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Mr. Bernard Jenkin (North Essex): I thank the Secretary of State for his statement, a copy of which I received in good time, for which I am grateful, and for his continued efforts to keep Parliament fully informed about developments in Afghanistan. May I reassure him and the House that, whatever reservations Opposition Members may express about the deployment of the ISAF, we share the hopes of the Government and the whole House that it will be successful? Moreover, the Government continue to enjoy the support of Her Majesty's Opposition for their backing of the United States in the war against terrorism and their commitment to the reconstruction of Afghanistan alongside the continuing humanitarian aid programme.

I should be grateful if the Secretary of State would clarify four main issues. First, I understand that there has been an inevitable measure of uncertainty about the timing and mechanics of the deployment. Will he express his sympathy and understanding to the families of some elements of 2 Para that have been put on 48-hour standby and then stood down many times since 11 September and more than once over the Christmas period?

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Incidentally, can the right hon. Gentleman say anything about the welfare of our troops? What accommodation will United Kingdom soldiers have in Afghanistan? Will they have anything more than sleeping bags on concrete floors in derelict buildings for the coldest winter months? What access will they have to telephones and e-mails for contacting families back home?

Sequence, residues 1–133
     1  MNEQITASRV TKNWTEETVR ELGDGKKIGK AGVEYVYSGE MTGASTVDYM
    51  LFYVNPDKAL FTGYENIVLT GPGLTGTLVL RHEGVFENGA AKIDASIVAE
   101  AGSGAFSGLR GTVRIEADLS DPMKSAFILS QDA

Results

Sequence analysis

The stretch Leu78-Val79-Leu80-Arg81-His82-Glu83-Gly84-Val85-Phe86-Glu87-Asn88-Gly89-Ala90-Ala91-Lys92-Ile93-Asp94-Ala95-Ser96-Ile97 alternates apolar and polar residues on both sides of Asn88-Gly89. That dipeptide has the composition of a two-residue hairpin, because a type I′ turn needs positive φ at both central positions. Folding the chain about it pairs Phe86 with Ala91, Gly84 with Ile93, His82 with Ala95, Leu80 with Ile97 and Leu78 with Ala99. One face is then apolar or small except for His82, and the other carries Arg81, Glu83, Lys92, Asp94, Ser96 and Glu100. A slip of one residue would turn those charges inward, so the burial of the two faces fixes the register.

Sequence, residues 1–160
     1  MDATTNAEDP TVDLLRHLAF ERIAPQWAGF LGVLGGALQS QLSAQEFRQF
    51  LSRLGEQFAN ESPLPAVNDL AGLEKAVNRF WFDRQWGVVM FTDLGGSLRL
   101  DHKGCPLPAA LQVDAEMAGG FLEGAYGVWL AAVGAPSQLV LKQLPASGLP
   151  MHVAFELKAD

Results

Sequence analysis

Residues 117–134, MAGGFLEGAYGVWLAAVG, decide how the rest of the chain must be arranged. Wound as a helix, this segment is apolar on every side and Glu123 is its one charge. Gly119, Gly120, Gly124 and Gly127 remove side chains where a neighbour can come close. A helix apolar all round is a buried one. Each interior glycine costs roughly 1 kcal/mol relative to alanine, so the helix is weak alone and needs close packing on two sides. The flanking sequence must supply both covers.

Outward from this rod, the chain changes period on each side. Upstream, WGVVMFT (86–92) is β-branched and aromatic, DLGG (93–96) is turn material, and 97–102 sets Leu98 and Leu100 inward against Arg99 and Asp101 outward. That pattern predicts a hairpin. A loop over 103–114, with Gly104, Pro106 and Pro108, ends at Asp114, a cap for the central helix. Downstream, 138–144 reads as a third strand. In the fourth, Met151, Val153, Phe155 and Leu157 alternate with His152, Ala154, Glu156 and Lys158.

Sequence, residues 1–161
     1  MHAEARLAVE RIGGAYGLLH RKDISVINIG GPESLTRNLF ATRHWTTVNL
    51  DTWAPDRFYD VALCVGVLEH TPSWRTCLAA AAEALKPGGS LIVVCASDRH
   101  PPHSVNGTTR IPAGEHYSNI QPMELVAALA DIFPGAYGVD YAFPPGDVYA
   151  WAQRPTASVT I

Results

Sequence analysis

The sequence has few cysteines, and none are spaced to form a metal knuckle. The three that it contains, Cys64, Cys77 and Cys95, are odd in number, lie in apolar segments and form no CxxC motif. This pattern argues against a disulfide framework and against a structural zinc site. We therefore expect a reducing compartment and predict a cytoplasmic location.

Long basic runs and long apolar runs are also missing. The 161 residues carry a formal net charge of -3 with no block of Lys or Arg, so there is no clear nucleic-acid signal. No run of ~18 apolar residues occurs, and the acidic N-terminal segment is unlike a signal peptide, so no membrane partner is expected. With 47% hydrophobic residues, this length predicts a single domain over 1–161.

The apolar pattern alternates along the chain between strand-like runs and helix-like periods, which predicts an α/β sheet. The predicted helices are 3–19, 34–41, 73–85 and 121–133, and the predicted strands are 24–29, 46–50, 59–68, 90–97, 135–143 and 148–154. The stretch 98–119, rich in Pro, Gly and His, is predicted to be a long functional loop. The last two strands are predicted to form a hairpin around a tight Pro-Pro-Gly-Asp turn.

Secondly, uncertainty inevitably compounds the effects of overstretch. I note the right hon. Gentleman's attempt to deal with that point. However, does he recall that 2 Para was in Northern Ireland last Christmas and was sent to Macedonia at short notice during the school holidays in August? After this operation, it is due to serve in Northern Ireland again next Christmas. I appreciate that the right hon. Gentleman fully understands that such intensive disruption to family life is one of the factors that drives good soldiers to leave the British army. Can he set a date for the withdrawal of our main elements of the ISAF as well as for handing over responsibility to the follow-on force in three months?

Thirdly, on overall command, is it true that the Government waited for the approval of all EU states, including non-NATO members, which are not involved in the ISAF or have only a token role, such as Austria, Finland and Sweden or no role, such as Ireland, as the Frankfurter Allgemeine Zeitung reported on 14 December? Is it also true that our European partners objected to the principle of overall US command? Again, the Frankfurter Allgemeine Zeitung reported on 16 December: